From Round to Square (and back)

For The Emperor's Teacher, scroll down (↓) to "Topics." It's the management book that will rock the world (and break the vase, as you will see). Click or paste the following link for a recent profile of the project:

A new post appears every day at 12:05* (CDT). There's more, though. Take a look at the right-hand side of the page for over four years of material (2,000 posts and growing) from Seinfeld and country music to every single day of the Chinese lunar calendar...translated. Look here ↓ and explore a little. It will take you all the way down the page...from round to square (and back again).
*Occasionally I will leave a long post up for thirty-six hours, and post a shorter entry at noon the next day.

Tuesday, October 4, 2011

Styling Culture (11)—Paragraph Breaks

Click here to read the introduction to the Round and Square series "Styling Culture." 
In the next few weeks I will be posting the text for a "volume" that I have been distributing for the last fifteen years. Back in 1997, I handed out a two-page set of instructions that I called "Rob's Style Sheet." I quickly learned that it could be a useful teaching tool, allowing me to describe the practicalities and esoterica surrounding grammar and style in the higher education classroom (and beyond). It also became apparent that it could be a useful tool for writing comments on student papers. Instead of trying to explain in the margins of a paper that s/he was using "number" in problematic ways (we'll get to that), I could write "#19," and have her know exactly what I mean. The most impressive students learned the material very well, and some of them have already gone on to be successful writers—in and beyond academia and the corporate world.
[a] Strata RF
I will be posting the manuscript that I have provisionally entitled Styling Culture on Round and Square during the autumn and into the winter. As you will quickly see, it is meant to be a grammar book for the anthropologist of American English. It has its prescriptive elements, to be sure (this is all explained in the introduction to the series), but it is meant far more powerfully to be a genuinely useful guide to the culture wars surrounding grammar and usage. In particular, I have great venom for both the annoying critics who always seem to be correcting people and (this is important) for the "good guys" who tell you that it doesn't matter.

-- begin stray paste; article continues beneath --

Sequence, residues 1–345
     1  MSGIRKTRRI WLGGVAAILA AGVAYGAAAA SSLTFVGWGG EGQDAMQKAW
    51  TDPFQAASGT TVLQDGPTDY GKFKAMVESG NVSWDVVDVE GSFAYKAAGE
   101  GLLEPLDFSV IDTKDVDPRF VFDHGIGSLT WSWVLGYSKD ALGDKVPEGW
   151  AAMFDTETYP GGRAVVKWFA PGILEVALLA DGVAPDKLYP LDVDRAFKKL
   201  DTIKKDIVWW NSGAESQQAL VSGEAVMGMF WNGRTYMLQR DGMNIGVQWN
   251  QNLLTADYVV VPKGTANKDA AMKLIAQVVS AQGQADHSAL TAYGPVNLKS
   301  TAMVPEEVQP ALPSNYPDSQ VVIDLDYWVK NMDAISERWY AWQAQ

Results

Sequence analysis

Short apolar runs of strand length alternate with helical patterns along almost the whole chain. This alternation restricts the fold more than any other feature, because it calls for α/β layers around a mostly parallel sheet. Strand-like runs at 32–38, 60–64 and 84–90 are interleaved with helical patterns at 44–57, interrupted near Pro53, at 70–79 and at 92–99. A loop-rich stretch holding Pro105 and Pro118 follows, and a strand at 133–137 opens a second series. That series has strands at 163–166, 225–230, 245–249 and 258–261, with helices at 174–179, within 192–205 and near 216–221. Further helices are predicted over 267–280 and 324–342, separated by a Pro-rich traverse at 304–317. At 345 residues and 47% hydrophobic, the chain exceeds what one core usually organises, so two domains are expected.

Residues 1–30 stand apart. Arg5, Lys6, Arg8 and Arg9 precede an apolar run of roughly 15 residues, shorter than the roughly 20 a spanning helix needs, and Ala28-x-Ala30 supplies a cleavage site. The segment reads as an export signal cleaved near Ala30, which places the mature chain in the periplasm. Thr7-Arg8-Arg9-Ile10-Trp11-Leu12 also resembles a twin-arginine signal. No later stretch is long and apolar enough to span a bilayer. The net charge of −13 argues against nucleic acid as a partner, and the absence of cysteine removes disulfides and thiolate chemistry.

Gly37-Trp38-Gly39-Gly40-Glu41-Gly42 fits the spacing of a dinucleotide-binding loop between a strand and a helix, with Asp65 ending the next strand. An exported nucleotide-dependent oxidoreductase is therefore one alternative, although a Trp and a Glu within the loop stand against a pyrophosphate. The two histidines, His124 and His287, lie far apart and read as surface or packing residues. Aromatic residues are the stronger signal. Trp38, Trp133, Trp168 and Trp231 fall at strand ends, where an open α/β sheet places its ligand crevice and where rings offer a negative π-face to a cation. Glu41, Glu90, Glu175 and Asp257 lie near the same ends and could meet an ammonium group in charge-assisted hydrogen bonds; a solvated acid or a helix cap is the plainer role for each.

They're both wrong, and they will hurt you if you listen to them. I'm here to help you, so read on.
11. Paragraph Breaks 
Be sure to keep your paragraphs under control. Run-on paragraphs that continue for many lines, or even pages, are rarely effective.
          a. Have three well-defined paragraphs for every double-spaced page of text
              Strange as this might seem when defined as a "rule," it makes a great deal of 
              sense. You do not need three complete paragraphs on a page (that would be
              distracting). You need, rather, the end of a paragraph from a preceding page, 
              a full paragraph, and the beginning of another. Get used to this. It will change 
              your life (and your reader's). Check for this before you hand in your paper.
          b. Indent the beginnings of paragraphs. Five spaces will do the trick, but your
              software can do an even better job (please see #3, "Styles").
          c. Do not leave extra spaces between paragraphs. If you indent (see above), 
              this will create just the right "pause" for the reader. Extra spaces detract from 
              the look of your paper and distract readers. See 7k.